This is a personal letter for the Guardian ad Litems, Evaluators, social workers, and Judges (etc) who are ordering co-parenting, divorce education, mediation, couples therapy and other professional interventions to compel victims of domestic violence to co-parent or share joint custody with an abuser…written by a victim who has been traumatized after your failed interventions.

Why is it when a victim of abuse flees the relationship, often losing everything she has to do so, the Family Court (and personnel) tells the victim that she needs to better communicate with the abuser? That she has to make it work for the children? That her concerns about safety and continued abuse, harassment, or stalking are not valid–she just needs to learn how to co-parent?

A few thoughts on co-parenting for women involved in domestic violence situation:

*Communication is about equality. It is NOT the victim’s fault that she is unable to communicate with the abuser, or make joint parenting decisions. The problem IS the abuse, and the threatening or dangerous behavior.

It is impossible to communicate with a person who does not see you as a human being, who does not respect your rights, and who has caused physical, emotional or bodily harm to you. There is no “co parenting” in an abusive relationship because the abuser will seek to dominate, control, intimidate and otherwise continue to abuse the victim – even using the children as a pawn to do so.

*It is not safe to attempt mediation, couple’s counseling or joint sessions between a victim of domestic violence & their abuser.

*An abuser will not benefit from classes, mediation, therapy or other interventions until they realize they have a problem, that their actions & words are harmful, and decide to be open to suggestions; and willing accept the need to change.

*According to one study, only 5% of abusers really change.

*A victim won’t be helped by mediation, classes or therapy because she will get the message from the Court that something is “wrong” with her, which creates further victimization. And even if the victim uses all the strategies offered, the abuse will continue–it does not solve the original problem.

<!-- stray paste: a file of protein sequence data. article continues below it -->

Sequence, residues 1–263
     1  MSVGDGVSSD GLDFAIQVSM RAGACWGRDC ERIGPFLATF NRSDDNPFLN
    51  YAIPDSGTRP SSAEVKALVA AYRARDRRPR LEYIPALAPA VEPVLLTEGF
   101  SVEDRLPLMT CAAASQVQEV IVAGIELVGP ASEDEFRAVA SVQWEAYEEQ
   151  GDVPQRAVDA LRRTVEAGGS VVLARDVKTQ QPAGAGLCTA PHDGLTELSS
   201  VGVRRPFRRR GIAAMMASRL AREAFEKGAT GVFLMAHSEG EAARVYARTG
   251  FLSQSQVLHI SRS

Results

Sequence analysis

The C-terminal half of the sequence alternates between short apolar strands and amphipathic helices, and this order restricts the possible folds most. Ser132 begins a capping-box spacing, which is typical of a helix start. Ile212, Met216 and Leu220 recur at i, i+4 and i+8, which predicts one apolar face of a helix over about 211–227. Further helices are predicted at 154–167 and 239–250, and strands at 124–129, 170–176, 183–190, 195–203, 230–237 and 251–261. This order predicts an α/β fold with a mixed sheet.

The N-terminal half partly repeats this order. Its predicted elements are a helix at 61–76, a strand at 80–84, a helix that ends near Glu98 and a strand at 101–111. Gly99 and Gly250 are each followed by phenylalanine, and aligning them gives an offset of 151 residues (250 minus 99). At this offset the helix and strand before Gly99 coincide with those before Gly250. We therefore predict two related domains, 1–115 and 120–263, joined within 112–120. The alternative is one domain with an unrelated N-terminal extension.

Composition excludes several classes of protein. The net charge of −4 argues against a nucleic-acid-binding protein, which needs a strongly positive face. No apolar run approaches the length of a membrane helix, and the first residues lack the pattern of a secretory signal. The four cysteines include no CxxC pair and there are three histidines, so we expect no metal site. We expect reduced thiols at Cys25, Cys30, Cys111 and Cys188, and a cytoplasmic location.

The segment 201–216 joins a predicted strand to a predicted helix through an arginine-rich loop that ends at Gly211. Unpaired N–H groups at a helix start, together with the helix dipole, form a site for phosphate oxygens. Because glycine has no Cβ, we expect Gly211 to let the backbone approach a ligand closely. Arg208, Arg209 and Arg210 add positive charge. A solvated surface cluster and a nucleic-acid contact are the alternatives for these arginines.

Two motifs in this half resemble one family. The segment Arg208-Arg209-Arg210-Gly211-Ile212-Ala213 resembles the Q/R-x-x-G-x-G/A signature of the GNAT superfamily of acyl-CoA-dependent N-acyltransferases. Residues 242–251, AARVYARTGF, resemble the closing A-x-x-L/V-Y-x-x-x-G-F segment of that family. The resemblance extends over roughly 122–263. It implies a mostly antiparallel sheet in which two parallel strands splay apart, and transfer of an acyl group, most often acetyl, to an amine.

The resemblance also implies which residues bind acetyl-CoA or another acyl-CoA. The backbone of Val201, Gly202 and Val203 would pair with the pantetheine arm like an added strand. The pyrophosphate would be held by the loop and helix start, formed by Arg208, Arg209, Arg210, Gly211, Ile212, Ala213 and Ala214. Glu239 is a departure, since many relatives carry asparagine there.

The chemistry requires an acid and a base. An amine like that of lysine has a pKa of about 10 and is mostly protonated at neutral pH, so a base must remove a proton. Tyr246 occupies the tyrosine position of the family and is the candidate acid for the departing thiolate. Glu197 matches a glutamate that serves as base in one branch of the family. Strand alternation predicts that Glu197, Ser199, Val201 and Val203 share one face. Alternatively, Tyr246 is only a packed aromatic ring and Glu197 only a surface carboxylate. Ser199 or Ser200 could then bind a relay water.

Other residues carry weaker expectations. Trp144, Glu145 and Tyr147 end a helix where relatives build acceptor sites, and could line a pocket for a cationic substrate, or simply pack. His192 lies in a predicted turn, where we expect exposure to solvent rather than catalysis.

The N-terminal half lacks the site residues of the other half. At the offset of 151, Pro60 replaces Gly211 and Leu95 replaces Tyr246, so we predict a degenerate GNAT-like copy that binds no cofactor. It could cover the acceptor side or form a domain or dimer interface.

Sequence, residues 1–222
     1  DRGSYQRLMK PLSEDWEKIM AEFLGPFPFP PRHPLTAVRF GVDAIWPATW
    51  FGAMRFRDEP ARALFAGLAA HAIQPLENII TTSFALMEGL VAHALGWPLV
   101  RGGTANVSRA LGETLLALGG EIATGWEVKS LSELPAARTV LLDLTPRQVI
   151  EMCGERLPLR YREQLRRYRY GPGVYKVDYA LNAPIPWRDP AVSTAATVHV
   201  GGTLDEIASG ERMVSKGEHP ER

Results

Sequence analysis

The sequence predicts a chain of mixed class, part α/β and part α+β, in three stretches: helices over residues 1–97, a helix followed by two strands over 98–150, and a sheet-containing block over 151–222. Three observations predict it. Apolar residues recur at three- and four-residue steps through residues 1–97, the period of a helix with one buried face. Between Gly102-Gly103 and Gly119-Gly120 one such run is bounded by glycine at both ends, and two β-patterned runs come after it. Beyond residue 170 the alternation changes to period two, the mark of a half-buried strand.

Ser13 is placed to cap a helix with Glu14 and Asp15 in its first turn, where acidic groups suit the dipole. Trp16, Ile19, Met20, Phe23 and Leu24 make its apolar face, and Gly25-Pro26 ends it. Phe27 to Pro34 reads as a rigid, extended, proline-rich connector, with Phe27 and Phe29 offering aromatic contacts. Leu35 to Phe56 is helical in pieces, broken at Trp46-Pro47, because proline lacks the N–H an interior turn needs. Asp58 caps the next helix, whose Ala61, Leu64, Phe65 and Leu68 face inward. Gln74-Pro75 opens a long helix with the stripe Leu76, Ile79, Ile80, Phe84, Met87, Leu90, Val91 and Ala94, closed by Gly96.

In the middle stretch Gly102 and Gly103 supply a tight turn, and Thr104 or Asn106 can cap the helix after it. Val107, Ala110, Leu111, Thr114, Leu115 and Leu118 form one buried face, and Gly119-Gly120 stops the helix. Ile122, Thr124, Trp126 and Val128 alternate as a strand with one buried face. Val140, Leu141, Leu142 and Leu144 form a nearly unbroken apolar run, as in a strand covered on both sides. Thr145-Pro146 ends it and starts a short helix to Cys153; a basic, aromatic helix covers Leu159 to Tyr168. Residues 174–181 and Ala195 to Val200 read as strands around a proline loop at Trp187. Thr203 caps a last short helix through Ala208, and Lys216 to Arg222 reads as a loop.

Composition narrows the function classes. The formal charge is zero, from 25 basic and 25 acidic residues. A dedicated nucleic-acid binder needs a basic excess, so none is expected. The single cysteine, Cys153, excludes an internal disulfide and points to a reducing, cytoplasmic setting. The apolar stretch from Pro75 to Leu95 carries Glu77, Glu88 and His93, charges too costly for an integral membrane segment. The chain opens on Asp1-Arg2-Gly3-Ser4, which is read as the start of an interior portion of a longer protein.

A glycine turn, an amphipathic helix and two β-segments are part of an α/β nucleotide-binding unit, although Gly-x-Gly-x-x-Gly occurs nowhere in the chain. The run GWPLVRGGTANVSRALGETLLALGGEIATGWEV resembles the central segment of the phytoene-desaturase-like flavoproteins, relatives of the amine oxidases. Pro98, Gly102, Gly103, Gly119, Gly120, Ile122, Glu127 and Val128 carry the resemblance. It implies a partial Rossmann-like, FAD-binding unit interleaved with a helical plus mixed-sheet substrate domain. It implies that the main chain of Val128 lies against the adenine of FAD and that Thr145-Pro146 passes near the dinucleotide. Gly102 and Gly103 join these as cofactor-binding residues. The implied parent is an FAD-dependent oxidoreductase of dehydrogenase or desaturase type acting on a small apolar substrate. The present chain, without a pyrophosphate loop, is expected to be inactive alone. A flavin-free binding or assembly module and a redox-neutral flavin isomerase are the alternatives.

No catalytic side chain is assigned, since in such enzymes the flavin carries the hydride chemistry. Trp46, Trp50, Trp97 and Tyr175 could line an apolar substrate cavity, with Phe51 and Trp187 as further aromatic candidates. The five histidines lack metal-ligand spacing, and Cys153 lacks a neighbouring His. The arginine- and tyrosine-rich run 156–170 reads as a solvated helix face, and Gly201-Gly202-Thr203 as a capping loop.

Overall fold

*Women leaving domestic violence need support, resources & encouragement to heal from the abuse and rebuild their lives. Safety of the victim and child should be a number one priority — not the rights of an abuser.

*Abusive behavior should have consequences, and should be punishable under the law. Harassment Restraining Orders (HRO) and Orders for Protection (OFP) should be taken seriously. NO Court officer should force any woman who expresses safety concerns into any kind of mediation or couples therapy with an abuser.

*Divorce Education is better suited for families who do not have a history of domestic violence; different interventions are required when families violence, incest, or any kind of threat, intimidation, stalking, controlling behavior or violence involved. In fact, abusers will often manipulate these classes, and the professionals involved to gain leverage.

For Further Reading:

A large part of the reduction in domestic violence homicides had been aided by providing victims with safer ways to leave their abuser. Court decisions, particularly in criminal cases taking domestic violence more seriously sent an important message that society no longer tolerated abusive behavior. The frequent custody decisions supporting abusers have undermined this progress and sent the opposite message.

Domestic violence advocates have told me that they are seeing more mothers staying with their abusers and taking his beatings
because they are afraid the custody court will separate them from their children and they won’t be able to protect them. Of course some of these mothers do not survive this decision. At the same time, custody decisions that minimize the significance or fail to recognize the father’s abuse are sending a terrible
message that society will tolerate this abuse..” Barry Goldstein, “Extreme Custody Decisions that Risk Lives”.

What influences women when they are making child custody decisions that will bring them into future contact with a violent or controlling ex-husband? Fear, pragmatism, and the belief–sometimes reinforced in mandated divorce education classes–that their children will suffer if both parents are not in their lives, according to a University of Illinois study in the August Journal of Social and Personal Relationships. ..

And, although experts recommend that abused women be screened out of co-parenting classes, such as the class mandated in the two Missouri counties studied, half of the women in the study were directed to participate in the classes, even though all but one of the women’s attorneys knew there had been violence in the relationship.

‘Many women talked about the influence of that class on their thinking about custody,” said Hardesty. “They’d say, I can’t restrict his involvement with the children because I know it’s bad for the kids if we’re not getting along and both involved in their lives.'” Rick Nauert, Phd. “Co-parenting with an Abusive Ex?”

Co-Parenting with an abusive spouse, Protect yourself and your children. Some tips and things to remember when co-parenting with an abusive ex-spouse can be found at this blog:


What are YOUR thoughts? Please post below